18 February 2017

The Russian Pearl Bandeau

The Russian Pearl Bandeau (Clive Limpkin/Daily Express/Getty Images)

They may not sit on the British throne, but of all the branches of the Windsor family tree, it’s actually the present-day Kents who can boast of the greatest royal ancestry. This is thanks to Princess Marina, who was descended from the Greek, Danish, and Russian royal families. Today’s tiara, the Russian Pearl Bandeau, also made its way into the Kent collection through Marina’s regal connections.

Princess Nicholas of Greece and Denmark wears the tiara, ca. 1910

The tiara, which can also be taken off its frame and worn as a necklace, allegedly originated in the collection of Marina’s grandmother, Grand Duchess Maria Pavlovna (the Elder) of Russia. (You’ll probably recognize Maria Pavlovna under another name: Grand Duchess Vladimir.) Geoffrey Munn says that the tiara was probably given by Maria Pavlovna to her daughter, Grand Duchess Elena Vladimirovna, on the occasion of her marriage to Prince Nicholas of Greece and Denmark in 1902.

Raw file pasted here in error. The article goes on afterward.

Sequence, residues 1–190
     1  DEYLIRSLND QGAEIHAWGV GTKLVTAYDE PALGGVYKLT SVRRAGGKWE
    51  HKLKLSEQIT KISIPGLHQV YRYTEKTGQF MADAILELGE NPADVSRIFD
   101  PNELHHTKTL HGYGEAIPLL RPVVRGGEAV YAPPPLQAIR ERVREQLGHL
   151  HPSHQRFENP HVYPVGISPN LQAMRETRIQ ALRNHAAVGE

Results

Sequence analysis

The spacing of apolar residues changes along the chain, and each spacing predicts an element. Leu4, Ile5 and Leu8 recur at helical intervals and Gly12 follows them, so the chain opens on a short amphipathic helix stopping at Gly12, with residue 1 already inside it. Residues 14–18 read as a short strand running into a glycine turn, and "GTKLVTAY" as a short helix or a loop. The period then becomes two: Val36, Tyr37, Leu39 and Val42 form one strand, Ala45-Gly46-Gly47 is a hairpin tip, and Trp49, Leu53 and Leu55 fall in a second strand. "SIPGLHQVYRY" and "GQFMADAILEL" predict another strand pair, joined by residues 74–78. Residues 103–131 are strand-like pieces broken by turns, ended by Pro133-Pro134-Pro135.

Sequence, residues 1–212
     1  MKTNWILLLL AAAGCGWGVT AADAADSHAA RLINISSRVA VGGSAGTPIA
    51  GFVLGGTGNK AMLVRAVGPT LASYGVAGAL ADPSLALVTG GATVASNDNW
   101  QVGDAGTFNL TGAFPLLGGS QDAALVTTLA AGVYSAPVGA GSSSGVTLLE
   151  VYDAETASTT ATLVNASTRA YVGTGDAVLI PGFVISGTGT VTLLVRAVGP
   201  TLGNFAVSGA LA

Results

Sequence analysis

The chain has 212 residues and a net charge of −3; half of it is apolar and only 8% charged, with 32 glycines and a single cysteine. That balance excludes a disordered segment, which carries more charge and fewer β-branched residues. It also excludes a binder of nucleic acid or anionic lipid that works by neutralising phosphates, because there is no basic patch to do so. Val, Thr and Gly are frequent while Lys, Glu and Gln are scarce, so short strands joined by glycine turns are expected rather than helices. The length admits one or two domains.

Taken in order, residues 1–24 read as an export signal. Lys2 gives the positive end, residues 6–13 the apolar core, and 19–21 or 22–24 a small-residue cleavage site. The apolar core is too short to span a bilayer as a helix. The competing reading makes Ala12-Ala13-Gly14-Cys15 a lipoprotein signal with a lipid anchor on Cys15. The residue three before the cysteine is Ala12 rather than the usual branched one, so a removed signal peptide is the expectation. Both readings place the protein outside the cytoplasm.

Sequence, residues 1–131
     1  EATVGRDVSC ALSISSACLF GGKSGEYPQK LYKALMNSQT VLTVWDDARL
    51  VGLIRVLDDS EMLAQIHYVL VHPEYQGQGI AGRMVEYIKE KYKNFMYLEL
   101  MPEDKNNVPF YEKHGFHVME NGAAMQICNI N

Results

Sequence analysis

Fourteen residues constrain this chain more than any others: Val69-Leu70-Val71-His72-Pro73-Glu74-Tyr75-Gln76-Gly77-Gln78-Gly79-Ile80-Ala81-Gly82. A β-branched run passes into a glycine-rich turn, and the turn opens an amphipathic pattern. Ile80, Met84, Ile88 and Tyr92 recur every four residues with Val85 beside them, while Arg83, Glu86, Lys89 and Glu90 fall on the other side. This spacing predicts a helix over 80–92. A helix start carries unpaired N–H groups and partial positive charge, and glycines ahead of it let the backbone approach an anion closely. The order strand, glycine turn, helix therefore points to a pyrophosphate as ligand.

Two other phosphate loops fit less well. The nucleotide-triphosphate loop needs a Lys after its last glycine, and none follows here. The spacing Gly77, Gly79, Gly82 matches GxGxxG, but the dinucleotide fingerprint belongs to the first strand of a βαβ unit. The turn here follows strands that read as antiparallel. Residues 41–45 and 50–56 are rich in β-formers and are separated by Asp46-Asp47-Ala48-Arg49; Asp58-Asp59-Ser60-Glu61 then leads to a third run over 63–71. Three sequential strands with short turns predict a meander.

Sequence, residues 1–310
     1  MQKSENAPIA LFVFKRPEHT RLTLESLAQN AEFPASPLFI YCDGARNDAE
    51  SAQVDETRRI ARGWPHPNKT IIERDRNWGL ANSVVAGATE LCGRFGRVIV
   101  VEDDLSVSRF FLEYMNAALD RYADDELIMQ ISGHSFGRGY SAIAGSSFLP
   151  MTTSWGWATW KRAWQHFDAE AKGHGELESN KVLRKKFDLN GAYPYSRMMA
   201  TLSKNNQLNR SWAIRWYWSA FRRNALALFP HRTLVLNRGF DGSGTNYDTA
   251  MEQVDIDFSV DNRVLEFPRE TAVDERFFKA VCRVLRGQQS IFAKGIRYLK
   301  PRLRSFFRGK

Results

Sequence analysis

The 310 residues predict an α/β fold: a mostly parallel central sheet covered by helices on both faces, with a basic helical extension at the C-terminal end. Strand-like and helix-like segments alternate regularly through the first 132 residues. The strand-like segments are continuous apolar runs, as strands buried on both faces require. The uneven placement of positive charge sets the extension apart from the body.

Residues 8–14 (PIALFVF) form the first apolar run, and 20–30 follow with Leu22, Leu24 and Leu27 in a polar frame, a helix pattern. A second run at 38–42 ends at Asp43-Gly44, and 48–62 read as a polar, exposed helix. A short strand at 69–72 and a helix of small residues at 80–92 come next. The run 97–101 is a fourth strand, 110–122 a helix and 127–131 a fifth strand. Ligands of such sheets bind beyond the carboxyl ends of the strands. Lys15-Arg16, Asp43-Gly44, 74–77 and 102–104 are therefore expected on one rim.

Princess Nicholas wears the tiara, ca. 1910 (Grand Ladies Site)

This tiara is sometimes called the "pearl swirl" tiara, and each "link" of the piece does indeed feature diamonds curled around a central pearl. I’ve also seen this designed referred to as the "snake" necklace, with the diamond elements representing snakes and the pearls representing their eggs. However you want to interpret the design, at some point, two of these swirl elements were removed from the piece to make a pair of earrings. The maker of the tiara is apparently unknown.

In 1934, the tiara once again served as a wedding gift. Princess Nicholas bestowed the tiara on her daughter, Princess Marina of Greece and Denmark, who was marrying the Duke of Kent, one of the younger sons of King George V. Marina wore the pearl tiara on multiple occasions, including during a tour of Asia in 1952. In the photograph above, she wears it on a trip to the theater with Queen Mary in 1935.

Princess Alexandra wears the tiara, December 1967 (Clive Limpkin/Daily Express/Getty Images)

Marina’s only daughter, Princess Alexandra, wore the tiara several times as a young woman. But unfortunately, this was one of the items of jewelry that the family was forced to sell to pay the estate tax after Marina’s death in 1968. The tiara/necklace and earrings was photographed for Geoffrey Munn’s tiara book in 2002, but the piece was attributed merely to a "private collection."